Biohastalex® is just one of the carbon-based nanocomposite materials that Goodfellow supplies for medical purposes and medical devices. The material is a graphene composite that can be produced as thin films in a number of thicknesses and sheet sizes. Biohastalex® is an incredibly strong and flexible product, and there is hope that it could offer a replacement for many plastic-based materials and provide a mesh-like material that is biodegradable.
The applications of Biohastalex® include surgical meshes and, more widely, are a replacement for materials like GORE-TEX as it is extremely light and flexible. It is also possible to modify the graphene so that it can be used to attract or repel water and its manufacturing scalability makes it a promising alternative to other polymer materials in medical devices and other applications.
Goodfellow now has an exclusive contract for the re-selling of Biohastalex® materials and is also now working with NanoRegMed to help develop a new range of functionalised graphene oxide composites that can be used for medical devices, tissue engineering, 3D scaffolds, nerve generation and patches. The National Physics Laboratory in the UK has recognised the high purity of the products offered by Goodfellow in comparison to other products on the market.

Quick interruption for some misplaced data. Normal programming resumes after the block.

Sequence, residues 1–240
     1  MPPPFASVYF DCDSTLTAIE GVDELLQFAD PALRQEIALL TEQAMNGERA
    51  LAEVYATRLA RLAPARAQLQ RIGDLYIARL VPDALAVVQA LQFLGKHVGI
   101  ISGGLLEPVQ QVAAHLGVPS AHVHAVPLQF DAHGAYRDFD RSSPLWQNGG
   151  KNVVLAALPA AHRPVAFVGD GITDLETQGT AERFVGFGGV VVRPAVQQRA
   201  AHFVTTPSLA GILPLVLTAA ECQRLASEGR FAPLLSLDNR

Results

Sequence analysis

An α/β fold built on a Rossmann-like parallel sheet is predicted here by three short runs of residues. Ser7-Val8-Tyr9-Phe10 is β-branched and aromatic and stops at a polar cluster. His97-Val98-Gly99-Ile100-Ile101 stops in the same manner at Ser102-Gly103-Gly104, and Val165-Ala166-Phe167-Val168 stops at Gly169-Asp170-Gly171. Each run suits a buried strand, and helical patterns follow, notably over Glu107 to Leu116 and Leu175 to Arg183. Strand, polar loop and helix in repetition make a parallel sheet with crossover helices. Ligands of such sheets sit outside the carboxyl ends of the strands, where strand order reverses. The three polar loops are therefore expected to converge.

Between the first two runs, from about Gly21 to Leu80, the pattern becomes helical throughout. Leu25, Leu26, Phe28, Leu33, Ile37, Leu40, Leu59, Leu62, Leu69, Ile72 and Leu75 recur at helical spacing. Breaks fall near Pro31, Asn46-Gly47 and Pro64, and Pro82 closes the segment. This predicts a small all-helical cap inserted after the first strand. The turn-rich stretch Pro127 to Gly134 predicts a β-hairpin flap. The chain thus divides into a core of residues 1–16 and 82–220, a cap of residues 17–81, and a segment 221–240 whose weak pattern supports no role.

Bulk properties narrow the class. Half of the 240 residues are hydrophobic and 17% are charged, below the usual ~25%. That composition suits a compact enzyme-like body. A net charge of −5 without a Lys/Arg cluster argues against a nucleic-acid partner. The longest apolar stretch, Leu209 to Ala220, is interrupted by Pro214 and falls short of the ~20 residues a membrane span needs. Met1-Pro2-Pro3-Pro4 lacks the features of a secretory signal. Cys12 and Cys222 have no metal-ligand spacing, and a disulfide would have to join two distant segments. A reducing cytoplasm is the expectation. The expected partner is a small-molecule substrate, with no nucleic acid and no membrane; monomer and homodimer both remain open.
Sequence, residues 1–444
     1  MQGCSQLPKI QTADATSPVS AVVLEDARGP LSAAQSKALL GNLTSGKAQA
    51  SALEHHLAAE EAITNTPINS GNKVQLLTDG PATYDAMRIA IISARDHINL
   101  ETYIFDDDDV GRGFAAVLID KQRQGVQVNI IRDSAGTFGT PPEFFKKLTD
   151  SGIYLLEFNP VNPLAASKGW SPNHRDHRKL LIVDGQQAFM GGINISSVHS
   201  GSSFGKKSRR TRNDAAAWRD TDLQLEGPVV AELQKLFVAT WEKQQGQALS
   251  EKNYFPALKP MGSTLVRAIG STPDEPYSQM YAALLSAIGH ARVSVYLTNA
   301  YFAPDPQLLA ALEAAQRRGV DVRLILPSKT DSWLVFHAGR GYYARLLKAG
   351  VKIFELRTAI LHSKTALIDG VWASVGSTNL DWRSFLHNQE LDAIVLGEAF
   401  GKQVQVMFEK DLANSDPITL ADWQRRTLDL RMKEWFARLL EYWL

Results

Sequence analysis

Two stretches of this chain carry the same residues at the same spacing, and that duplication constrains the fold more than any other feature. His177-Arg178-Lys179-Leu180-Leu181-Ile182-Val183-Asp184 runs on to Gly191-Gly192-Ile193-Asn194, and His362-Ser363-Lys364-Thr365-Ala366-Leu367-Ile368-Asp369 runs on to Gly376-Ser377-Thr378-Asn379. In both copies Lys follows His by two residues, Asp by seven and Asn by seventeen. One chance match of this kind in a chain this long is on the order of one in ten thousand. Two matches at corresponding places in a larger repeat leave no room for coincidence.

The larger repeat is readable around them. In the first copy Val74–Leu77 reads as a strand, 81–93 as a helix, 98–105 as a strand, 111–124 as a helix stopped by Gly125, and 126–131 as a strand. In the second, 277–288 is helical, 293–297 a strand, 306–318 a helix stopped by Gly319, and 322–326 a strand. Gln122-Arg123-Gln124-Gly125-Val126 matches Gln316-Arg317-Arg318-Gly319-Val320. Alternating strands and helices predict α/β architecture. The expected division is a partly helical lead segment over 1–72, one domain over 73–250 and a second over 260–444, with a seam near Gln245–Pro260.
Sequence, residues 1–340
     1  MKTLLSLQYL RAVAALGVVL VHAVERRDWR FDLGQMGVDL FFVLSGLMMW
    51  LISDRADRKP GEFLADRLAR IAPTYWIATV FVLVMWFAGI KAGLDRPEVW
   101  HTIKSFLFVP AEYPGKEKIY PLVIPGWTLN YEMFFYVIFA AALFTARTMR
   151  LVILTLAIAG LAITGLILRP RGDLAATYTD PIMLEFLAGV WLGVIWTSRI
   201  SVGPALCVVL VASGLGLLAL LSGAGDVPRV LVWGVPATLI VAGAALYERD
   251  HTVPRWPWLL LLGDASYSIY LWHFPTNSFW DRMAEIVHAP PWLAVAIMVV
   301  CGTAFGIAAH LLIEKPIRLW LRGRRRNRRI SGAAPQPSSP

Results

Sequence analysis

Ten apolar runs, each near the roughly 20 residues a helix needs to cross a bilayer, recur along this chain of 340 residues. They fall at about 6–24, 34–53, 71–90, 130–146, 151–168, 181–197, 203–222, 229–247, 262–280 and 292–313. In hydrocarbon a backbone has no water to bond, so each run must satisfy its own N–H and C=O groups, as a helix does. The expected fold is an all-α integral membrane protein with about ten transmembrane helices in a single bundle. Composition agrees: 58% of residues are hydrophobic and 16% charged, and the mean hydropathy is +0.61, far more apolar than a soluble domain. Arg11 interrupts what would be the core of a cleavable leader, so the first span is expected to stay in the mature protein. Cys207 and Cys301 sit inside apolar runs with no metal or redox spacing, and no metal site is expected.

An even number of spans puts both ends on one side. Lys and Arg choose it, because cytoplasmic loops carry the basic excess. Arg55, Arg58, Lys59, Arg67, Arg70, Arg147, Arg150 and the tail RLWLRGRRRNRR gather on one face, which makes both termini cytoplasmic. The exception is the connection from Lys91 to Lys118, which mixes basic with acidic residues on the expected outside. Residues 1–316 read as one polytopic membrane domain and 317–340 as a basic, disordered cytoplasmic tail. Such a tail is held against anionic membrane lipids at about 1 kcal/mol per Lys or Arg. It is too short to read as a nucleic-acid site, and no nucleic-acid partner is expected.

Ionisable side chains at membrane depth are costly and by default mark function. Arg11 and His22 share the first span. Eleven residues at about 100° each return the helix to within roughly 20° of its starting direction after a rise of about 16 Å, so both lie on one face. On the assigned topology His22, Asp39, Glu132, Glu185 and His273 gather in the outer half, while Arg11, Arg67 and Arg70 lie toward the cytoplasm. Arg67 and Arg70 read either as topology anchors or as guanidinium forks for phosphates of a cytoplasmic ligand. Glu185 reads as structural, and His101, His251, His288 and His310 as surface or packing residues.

Goodfellow offer over 1000 different polymer options in a variety of different formats, from rods to sheets, depending on the application or what is suitable for the intended medical device. Where the right choice of polymer is not obvious, Goodfellow can support you with technical advice on finding the right material for the target medical device or application.
For medical sensors, Goodfellow has an extensive range of ultrafine wires available in a variety of materials, including gold, titanium and niobium. It is possible to achieve diameters of less than 1 micron, and Goodfellow can also create custom alloys where required. Chemical resistance is often a particular consideration for medical applications as well as avoiding oxidation and similar processes that may lead to issues with the sensor no longer providing accurate readings.
Contact Goodfellow today to find out how its support could help reduce your device-to-market time for medical device development or support in upscaling your manufacture with a reliable and trustworthy source of materials on demand.